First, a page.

The first day of any new job leaves your stomach churning, even if you are ready and raring to go.
Throw in a bunch of cameras and an expectant public, and perhaps the pressure could be too much.
But not for the class of 2019 (not that they will let on anyway) - the 140 brand new MPs striding their way into Westminster.
MPs are spending the week picking up their passes, finding their offices, electing a new Speaker, and swearing in, ahead of the Christmas recess.
But how did they prepare? What are their hopes and fears? And who do they want to avoid in the corridors?
The first seat to change hands on Thursday night was Blyth Valley, which saw the long-time Labour constituency turn blue.
Ian Levy was the man to take it for the Tories. His preparation for his journey from his north east constituency included going for a curry with his family - the Sunday Special at the Maharaj's Lounge to be precise.
But come Monday morning, tying up his shoelaces before heading out for the train, the nerves kicked in and he admitted he had butterflies in his stomach.
"The whole thing is exciting, the whole day," he said. "I'm most excited to meet the new MPs. Once I get in and see some familiar faces the butterflies will stop."
There will be a large number of Conservative colleagues to get to know - 365 in fact - but who is he looking forward to meeting the most?
"Well, I already met Boris Johnson at the weekend when he came up," he said. "But I'm looking forward to meeting him again and carrying on the work.
"He told me he was overwhelmed we'd done so well."
While he is already planning his maiden speech in the Commons around the themes of crime and anti-social behaviour, he may have something more practical to sort out first.
"I haven't started looking for somewhere to stay in London yet," he admitted.
'People notice when you get it wrong'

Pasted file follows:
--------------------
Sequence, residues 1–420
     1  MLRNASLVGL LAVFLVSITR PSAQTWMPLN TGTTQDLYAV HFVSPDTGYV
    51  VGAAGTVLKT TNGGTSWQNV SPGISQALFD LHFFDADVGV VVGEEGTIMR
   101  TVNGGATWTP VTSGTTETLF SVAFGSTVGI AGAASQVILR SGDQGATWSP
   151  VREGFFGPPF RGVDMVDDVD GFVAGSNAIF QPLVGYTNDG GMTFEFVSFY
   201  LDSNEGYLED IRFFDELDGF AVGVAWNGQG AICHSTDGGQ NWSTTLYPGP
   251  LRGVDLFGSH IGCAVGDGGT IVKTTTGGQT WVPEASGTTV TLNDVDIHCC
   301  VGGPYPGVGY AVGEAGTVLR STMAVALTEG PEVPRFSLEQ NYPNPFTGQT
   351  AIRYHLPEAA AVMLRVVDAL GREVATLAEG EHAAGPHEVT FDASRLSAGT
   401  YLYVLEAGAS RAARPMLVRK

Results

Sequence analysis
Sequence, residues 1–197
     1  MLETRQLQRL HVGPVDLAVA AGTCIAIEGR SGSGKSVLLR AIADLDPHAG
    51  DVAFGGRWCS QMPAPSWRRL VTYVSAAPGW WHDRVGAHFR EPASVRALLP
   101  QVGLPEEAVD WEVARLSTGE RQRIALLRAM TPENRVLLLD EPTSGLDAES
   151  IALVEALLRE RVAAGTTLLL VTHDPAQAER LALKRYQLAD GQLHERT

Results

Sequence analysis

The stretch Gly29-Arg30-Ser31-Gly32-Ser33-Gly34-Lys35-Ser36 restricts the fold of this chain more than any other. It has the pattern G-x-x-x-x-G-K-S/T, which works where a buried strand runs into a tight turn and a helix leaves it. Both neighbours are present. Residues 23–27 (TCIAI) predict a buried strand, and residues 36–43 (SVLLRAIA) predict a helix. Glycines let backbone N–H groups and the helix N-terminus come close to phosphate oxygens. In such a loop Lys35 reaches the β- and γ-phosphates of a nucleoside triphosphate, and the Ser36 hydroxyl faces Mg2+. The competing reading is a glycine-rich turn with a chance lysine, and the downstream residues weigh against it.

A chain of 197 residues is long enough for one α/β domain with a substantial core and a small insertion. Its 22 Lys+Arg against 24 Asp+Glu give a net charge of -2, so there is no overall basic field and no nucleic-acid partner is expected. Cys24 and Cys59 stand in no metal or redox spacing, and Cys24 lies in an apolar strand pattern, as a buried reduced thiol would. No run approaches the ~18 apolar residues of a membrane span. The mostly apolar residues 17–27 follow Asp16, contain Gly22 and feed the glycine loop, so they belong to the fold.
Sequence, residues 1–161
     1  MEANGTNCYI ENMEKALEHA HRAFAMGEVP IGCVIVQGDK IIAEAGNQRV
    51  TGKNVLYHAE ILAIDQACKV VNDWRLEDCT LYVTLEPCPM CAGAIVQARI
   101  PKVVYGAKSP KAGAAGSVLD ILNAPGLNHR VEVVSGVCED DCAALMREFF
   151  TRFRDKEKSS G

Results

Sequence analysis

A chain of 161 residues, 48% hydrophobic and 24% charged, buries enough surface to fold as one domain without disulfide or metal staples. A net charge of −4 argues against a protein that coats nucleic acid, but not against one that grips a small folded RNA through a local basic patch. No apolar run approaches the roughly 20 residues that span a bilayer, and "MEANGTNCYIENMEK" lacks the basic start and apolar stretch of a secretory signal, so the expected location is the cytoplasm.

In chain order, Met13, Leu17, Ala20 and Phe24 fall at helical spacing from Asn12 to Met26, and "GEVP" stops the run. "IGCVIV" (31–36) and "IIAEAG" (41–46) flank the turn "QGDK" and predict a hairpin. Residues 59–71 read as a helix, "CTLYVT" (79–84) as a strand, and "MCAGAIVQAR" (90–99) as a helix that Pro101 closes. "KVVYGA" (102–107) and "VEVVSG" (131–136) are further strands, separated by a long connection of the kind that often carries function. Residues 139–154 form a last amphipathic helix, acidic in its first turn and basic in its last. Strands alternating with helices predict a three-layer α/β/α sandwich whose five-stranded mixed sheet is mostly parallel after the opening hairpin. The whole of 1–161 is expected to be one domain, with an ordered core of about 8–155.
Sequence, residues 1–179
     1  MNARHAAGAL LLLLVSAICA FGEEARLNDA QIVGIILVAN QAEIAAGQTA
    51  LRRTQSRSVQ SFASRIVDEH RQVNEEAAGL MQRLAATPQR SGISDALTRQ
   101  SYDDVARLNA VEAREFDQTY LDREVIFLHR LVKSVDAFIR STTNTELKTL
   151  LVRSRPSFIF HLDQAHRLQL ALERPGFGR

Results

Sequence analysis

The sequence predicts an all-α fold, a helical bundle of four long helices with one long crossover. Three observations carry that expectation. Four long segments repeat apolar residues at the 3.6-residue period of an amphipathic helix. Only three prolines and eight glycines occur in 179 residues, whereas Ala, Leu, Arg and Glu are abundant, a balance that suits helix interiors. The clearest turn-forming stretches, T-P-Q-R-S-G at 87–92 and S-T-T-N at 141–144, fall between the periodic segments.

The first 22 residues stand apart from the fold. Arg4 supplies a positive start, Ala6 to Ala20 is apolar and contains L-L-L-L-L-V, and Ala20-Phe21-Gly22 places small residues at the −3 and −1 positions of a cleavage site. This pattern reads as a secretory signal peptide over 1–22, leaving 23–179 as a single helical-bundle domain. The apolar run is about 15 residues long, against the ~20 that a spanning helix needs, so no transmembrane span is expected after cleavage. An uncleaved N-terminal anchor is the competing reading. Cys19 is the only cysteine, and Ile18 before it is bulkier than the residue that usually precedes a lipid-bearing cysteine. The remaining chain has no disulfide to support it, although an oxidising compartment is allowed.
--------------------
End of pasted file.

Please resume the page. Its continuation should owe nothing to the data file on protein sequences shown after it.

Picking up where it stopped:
Fleur Anderson made the only gain of the night for Labour, taking the seat of Putney in west London.
She won't be facing a new house hunt, having lived in Wandsworth for 25 years, and instead will just need to "recce the route" so she can cycle into Westminster.
The former councillor has nerves too - but what about?
"Doing the right thing," she said. "There are lots and lots of rules and procedures to get your head around.
"I am getting a lot of support from my Labour colleagues, but I have a very big book to read and people notice when you get these things wrong."
Fleur won't be drawn on who she can't wait to meet as she doesn't want to show favour, but she is worried about being "star struck".
But having worked closely alongside fellow London Labour candidate Faiza Shaheen to unseat Iain Duncan Smith in Chingford and Woodford Green, she's not keen to meet the former Tory leader in Westminster's corridors.
"I have already bumped into him and I am not at all happy about it," she said, thinking about what could have been. "Seeing him here in the corridors is just depressing."
But at the top of her agenda is starting a Roehampton fan club.
"People know Putney for the boat race and being leafy, but there is a wonderful community in the Roehampton council estate that gets ignored," she said.
"I want it to be celebrated and people in the area to get what they need."
Amy Callaghan took a high profile scalp in the election, winning the seat held by the now former Lib Dem leader Jo Swinson.
She's got a long journey down from East Dunbartonshire on the train - four hours and 20 minutes - so what will she be doing on the commute?
"Obviously I will have a lot of work to do and emails to reply to, but Netflix is top of my agenda as well," she said smiling.
"I've almost run out of things to watch but I love podcasts too and there is a new true crime one based in Australia I want to listen to."
She has been in the Commons once before in her early twenties when campaigning for the Teenage Cancer Trust - Amy herself was diagnosed with skin cancer at 19 - but how did it feel to be back as an MP?
"It is just surreal to be honest," she said. "But I just want to hit the ground running."
A school in her constituency has been on the phone after the election; and she wants to concentrate on the NHS, and Scottish independence.
So, any other MPs outside of her party she is looking forward to meet or avoid?
"There are none outside the SNP that I have admired from afar," she says, and with a smile adds: "There are plenty I would want to dodge in the corridors, but I am not going to name names quite yet."